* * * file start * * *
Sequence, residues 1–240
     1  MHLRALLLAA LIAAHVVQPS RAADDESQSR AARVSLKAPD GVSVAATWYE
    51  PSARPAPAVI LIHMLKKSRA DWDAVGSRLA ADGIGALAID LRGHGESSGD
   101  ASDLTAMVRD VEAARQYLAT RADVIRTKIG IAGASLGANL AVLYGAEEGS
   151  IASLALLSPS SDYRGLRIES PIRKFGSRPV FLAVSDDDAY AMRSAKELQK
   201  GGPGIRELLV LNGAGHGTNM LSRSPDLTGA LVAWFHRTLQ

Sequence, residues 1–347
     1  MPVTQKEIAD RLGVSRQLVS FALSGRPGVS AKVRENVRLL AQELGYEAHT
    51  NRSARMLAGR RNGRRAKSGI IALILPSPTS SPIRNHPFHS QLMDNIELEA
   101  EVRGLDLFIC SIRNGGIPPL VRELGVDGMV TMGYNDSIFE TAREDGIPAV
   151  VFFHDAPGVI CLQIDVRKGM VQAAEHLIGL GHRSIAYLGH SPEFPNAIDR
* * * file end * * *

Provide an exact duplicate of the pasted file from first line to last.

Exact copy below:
Sequence, residues 1–240
     1  MHLRALLLAA LIAAHVVQPS RAADDESQSR AARVSLKAPD GVSVAATWYE
    51  PSARPAPAVI LIHMLKKSRA DWDAVGSRLA ADGIGALAID LRGHGESSGD
   101  ASDLTAMVRD VEAARQYLAT RADVIRTKIG IAGASLGANL AVLYGAEEGS
   151  IASLALLSPS SDYRGLRIES PIRKFGSRPV FLAVSDDDAY AMRSAKELQK
   201  GGPGIRELLV LNGAGHGTNM LSRSPDLTGA LVAWFHRTLQ

Sequence, residues 1–347
     1  MPVTQKEIAD RLGVSRQLVS FALSGRPGVS AKVRENVRLL AQELGYEAHT
    51  NRSARMLAGR RNGRRAKSGI IALILPSPTS SPIRNHPFHS QLMDNIELEA
   101  EVRGLDLFIC SIRNGGIPPL VRELGVDGMV TMGYNDSIFE TAREDGIPAV
   151  VFFHDAPGVI CLQIDVRKGM VQAAEHLIGL GHRSIAYLGH SPEFPNAIDR